any previous line option                                21  21  26
  Skip values with run length of changed bytes, repeat any
   previous line option and repeat previous line N           7  16  21
   times option

However, there are situations in which the above algorithms are not so efficient, primarily when widely spaced image changes occur or when you have drastic image changes.

Widely Spaced Image Changes

When the bytes that change are widely spaced within the image, the least-fit rectangle that defines the area in which changes take place can be very large -- often, close to the size of the original image. This is particularly devastating to the bit-map algorithm because the larger the least-fit rectangle, the larger the bitmap must be.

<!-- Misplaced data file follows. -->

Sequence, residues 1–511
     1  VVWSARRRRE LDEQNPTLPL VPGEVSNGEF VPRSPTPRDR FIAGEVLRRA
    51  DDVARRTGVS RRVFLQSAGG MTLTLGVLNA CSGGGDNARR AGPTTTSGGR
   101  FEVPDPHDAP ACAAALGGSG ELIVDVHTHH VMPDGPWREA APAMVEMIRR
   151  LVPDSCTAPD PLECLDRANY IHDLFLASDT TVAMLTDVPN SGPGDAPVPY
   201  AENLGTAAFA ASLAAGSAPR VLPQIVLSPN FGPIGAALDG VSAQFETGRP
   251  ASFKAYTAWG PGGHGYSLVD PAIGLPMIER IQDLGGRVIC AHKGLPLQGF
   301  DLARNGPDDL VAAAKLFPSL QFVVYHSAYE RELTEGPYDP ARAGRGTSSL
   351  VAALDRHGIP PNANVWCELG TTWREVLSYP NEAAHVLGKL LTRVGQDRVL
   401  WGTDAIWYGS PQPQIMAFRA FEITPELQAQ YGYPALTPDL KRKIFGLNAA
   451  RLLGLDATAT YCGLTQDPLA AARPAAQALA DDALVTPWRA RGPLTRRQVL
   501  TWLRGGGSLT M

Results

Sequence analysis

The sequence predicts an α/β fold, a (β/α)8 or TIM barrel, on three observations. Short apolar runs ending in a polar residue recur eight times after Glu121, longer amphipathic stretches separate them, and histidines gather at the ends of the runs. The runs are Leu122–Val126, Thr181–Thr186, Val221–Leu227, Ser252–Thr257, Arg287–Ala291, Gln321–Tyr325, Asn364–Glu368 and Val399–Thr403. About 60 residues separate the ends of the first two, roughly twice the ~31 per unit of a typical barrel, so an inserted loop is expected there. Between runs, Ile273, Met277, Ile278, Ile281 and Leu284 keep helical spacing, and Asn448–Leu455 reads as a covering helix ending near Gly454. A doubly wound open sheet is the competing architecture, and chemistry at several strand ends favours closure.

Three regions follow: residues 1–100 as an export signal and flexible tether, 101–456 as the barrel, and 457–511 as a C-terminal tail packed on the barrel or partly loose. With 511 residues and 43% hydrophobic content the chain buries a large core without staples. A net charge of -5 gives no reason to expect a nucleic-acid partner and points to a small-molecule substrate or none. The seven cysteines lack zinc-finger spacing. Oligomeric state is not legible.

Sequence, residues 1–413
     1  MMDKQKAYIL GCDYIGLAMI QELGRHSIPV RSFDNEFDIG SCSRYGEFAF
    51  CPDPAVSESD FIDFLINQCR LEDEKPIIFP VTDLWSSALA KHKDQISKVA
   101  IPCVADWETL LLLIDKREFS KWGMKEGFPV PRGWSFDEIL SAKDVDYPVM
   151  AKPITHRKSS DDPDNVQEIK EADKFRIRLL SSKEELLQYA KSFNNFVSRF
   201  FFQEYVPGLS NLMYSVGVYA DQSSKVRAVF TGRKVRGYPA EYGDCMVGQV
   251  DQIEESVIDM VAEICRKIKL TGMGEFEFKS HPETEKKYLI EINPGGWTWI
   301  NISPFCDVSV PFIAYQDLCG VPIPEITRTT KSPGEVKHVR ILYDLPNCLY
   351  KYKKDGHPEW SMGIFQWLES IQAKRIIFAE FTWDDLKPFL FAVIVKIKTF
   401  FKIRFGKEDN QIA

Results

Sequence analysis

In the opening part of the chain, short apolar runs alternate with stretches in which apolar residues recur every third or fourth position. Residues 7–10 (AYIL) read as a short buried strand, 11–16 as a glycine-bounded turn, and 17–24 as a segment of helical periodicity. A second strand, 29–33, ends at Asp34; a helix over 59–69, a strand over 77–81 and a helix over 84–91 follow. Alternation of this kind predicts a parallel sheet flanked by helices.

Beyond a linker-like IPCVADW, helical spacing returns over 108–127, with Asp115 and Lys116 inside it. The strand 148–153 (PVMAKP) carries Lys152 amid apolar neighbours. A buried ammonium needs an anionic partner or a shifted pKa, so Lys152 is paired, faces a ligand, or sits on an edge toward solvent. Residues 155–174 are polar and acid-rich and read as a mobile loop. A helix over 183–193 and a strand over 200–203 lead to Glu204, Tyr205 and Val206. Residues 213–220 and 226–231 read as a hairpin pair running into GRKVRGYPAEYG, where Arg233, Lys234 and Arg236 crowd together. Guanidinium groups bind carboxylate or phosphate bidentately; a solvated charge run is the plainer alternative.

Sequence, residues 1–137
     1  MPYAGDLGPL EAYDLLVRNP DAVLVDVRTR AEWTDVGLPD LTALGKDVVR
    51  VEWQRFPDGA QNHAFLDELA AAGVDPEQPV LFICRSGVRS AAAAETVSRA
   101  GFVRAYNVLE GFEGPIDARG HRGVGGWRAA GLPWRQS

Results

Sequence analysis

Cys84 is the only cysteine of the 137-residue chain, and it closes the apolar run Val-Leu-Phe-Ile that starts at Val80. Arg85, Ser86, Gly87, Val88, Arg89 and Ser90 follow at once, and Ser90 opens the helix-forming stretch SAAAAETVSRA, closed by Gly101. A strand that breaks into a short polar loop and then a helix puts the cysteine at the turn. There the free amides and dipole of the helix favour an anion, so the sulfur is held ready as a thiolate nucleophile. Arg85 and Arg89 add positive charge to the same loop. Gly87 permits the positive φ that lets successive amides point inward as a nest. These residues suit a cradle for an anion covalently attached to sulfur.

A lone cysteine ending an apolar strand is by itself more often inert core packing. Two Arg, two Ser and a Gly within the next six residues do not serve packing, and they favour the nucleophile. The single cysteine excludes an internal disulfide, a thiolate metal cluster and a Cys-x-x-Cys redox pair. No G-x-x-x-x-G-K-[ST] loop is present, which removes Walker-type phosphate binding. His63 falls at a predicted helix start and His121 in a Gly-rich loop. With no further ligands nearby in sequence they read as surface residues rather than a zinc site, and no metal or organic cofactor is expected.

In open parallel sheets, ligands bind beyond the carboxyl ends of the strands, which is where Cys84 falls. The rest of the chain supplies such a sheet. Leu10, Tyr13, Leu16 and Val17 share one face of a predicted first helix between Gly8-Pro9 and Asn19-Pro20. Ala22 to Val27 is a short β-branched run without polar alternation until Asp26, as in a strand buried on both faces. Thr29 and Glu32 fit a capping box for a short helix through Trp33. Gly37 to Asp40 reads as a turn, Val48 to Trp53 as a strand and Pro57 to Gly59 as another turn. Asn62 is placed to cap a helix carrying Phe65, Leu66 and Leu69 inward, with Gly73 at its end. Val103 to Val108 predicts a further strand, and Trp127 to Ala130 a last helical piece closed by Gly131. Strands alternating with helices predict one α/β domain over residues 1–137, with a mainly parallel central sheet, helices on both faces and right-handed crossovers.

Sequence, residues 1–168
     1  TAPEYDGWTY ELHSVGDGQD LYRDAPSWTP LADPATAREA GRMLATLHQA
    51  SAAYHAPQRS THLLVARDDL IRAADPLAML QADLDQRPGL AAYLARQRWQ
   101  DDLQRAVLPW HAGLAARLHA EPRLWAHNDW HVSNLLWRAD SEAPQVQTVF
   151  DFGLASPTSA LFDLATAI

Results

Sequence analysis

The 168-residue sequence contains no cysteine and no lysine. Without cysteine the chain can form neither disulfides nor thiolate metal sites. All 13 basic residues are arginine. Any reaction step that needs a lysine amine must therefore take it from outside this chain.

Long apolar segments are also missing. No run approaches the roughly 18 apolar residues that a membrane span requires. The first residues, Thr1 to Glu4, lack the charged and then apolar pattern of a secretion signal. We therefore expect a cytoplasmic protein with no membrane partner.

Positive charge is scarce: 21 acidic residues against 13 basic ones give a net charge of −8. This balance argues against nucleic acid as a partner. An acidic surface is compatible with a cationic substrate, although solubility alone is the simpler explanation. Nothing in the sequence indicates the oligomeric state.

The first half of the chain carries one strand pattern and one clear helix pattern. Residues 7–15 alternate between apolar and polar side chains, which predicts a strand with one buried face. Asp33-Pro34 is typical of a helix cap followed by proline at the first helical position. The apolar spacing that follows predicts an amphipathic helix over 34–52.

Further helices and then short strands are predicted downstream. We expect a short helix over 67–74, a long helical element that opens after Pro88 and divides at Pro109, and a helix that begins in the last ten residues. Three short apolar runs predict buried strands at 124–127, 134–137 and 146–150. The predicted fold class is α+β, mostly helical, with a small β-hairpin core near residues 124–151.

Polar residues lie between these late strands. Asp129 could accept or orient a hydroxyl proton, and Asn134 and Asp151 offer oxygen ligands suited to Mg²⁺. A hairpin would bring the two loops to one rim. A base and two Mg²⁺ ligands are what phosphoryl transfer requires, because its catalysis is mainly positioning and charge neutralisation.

For instance, take a sequence of images 1024 x 768 bytes in size which have four bouncing balls in each image. The balls are "all over the place," but are fairly small in size (maybe 16 x 16). The sequence is 32 frames long, and then it repeats. Because the balls are often widely spaced (at opposite corners of the image), the least-fit rectangle is, on average, 90 percent of the full image size. This would mean the bitmap for each image would be about 88K, or a total of 2.8 Mbytes for all 32 frames!

While the actual change data, even if every pixel in each ball is in a new place on each frame, would still be 2K per frame, or 64K for all 32 frames. Also, those 88K bitmaps have to be scanned for positive bits each time a frame is displayed. For most computers this is an overwhelming task to accomplish for real-time animation.